Teach and Learn in Korea (TALK) Program Notice:

The TaLK Program was cancelled in 2021 because of unforeseen complications from the pandemic. Students interested in teaching in Korea may want to consider the EPIK Program.

Beyond the Blog

  • To learn more about opportunites like Jeremiah's, visit the International Co-op homepage. 

TaLK Scholar
SFU Co-op Student

You Might Like These... During the Work Term, Professional Development, Workplace Success, Workplace Transition, Communication

Co-op coordinator wth student during site visit
Make the Most of Your Co-op Site Visits

Your Co-op Coordinator, supervisor, and you in the same room -- time for a site visit! Co-op site visits are a time for reflection on your work term including what could be improved and what has been great so far.

person with their head in a book
Responsibility and Success

One of the most memorable parts of my time in co-op was the collection of accidents, errors, mistakes, and mix-ups that happened in the course of working in the laboratory.


Picture of Katelyn smiling
SFU Home to Canada’s Top Co-op Student

SFU Biology and Biochemistry Co-op student Katelyn Mueller was awarded the 2008 National Co-op Student of the Year award from the Canadian Association for Co-operative Education during National Co-op Week, March 23rd - 27th, 2009.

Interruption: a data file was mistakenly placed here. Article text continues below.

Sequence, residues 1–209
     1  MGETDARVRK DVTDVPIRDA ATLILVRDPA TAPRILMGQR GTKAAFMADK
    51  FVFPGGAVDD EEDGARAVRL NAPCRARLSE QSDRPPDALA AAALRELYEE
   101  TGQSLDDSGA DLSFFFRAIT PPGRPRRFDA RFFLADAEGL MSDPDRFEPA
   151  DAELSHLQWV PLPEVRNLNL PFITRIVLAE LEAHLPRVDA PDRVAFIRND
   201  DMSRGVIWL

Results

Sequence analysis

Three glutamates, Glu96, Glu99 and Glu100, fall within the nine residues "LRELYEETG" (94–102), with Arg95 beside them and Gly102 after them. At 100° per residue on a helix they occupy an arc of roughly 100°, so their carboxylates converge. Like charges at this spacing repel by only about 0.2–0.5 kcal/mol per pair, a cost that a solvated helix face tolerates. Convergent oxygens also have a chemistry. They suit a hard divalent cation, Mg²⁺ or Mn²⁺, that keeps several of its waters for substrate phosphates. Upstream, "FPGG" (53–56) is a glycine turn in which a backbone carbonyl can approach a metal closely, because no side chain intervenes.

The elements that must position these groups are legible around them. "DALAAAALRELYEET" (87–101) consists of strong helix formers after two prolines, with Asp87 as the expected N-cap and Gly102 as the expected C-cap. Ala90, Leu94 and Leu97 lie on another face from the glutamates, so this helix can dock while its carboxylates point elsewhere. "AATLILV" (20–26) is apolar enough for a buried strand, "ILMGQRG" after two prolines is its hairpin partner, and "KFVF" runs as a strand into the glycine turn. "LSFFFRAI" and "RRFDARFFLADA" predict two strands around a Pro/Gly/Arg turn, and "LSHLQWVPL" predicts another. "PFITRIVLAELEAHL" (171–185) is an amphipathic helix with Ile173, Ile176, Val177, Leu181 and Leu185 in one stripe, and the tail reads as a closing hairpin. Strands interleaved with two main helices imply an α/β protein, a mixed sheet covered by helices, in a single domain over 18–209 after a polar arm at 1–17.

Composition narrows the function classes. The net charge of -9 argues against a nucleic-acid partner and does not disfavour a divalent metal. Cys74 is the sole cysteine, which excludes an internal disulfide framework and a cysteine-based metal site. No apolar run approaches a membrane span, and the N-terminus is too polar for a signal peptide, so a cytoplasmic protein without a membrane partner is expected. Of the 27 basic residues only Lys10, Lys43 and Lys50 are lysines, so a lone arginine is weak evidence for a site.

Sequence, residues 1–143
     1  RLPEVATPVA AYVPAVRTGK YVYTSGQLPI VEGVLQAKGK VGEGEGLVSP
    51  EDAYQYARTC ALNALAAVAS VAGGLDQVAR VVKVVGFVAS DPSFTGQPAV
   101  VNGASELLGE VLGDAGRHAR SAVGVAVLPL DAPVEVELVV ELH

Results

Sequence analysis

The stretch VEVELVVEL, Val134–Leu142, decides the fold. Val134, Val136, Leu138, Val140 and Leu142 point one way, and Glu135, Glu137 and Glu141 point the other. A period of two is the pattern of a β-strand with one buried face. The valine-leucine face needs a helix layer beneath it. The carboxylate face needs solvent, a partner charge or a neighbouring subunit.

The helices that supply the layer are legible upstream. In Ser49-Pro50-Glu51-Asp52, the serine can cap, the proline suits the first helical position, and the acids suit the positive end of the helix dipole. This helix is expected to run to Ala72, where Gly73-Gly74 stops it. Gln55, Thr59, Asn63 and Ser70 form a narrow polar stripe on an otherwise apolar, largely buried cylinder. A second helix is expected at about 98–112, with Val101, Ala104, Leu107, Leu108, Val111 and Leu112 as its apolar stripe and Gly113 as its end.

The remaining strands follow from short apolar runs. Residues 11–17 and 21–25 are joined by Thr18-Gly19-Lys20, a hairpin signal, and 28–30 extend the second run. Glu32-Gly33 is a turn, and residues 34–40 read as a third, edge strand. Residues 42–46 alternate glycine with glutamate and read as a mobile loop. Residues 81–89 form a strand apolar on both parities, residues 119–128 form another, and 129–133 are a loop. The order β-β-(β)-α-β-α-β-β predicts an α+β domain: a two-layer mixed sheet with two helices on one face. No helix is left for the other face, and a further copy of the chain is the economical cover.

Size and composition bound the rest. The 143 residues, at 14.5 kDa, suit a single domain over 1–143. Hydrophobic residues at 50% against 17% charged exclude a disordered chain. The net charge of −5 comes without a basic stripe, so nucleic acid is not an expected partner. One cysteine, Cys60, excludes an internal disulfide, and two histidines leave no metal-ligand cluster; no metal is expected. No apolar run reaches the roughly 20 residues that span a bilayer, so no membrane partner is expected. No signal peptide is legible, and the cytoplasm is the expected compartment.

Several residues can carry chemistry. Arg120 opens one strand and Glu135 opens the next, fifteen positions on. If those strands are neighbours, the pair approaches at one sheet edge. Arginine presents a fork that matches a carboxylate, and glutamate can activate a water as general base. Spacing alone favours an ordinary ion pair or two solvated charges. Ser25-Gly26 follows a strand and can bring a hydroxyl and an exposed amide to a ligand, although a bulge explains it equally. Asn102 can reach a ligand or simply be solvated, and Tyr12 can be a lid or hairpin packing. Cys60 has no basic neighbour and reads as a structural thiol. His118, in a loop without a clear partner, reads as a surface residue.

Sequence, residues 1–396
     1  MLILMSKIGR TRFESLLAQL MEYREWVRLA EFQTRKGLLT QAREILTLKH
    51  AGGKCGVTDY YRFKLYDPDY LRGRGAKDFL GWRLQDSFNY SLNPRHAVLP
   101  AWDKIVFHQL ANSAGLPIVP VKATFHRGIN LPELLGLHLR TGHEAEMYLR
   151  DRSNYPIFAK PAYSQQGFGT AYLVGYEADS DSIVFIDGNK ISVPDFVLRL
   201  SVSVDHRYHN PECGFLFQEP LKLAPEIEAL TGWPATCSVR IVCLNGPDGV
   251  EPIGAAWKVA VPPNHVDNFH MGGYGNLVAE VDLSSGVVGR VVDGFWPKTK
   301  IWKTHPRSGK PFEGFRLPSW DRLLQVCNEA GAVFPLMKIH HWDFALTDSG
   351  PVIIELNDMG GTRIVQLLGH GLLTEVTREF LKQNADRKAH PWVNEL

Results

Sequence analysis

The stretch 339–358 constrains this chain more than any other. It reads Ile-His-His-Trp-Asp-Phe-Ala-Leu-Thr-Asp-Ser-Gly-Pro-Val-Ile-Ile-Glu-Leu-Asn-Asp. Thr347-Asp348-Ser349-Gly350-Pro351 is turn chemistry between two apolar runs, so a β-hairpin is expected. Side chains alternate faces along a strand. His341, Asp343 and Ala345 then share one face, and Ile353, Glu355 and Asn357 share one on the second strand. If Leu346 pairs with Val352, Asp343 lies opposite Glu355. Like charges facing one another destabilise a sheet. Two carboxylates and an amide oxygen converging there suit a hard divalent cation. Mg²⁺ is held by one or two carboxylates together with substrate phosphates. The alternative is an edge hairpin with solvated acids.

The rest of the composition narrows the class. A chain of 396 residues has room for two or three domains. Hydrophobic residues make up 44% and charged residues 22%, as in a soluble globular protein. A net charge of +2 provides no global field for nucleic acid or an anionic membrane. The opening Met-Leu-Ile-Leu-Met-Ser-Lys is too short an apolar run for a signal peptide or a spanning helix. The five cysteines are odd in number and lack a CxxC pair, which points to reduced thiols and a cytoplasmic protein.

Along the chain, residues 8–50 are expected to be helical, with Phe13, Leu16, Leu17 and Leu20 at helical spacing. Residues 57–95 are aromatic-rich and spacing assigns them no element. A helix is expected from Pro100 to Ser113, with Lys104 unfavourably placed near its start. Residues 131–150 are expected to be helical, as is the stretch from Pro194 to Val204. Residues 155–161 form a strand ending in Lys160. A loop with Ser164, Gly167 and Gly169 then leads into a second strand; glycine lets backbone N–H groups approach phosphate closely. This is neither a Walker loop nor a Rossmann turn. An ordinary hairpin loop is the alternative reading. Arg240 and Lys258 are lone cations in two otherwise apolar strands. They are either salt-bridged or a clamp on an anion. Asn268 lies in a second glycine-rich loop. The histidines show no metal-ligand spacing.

You Might Like These... Workplace Success

girl with headphones on in radio station
Working for the CBC, My Favourite Moments, and Some Tips for Aspiring Journalists

From a young age, Ashley Fraser loved telling stories.  While studying communications at SFU she began to realise that journalism might be her future career and the CBC Peter Gzwoski internship opportunity was the perfect way to get her start. 

A man smiling at the camera
Brandyn Chew: Working in the Maritime Security Sector as a 3D Designer

This week’s SFU Surrey Co-op featured student is Brandyn Chew, a SIAT student who has been doing some super interesting 3D design work at his co-op job. Brandyn is currently working at OSI Maritime Systems Ltd which is “a leading provider of integrated navigation and tactical solutions designed for naval and maritime security operations.”   

Michael smiling in front of broken glass mural
Reinvent Yourself by Working Abroad

Michael Welk went to Spain to teach English for his co-op and shares about his adventure in a new country. Read on to find out about what you can gain from an experience such as leaving your comfort zone and exploring! This article was originally published in the Arts Co-op Newsletter in Spring 2015.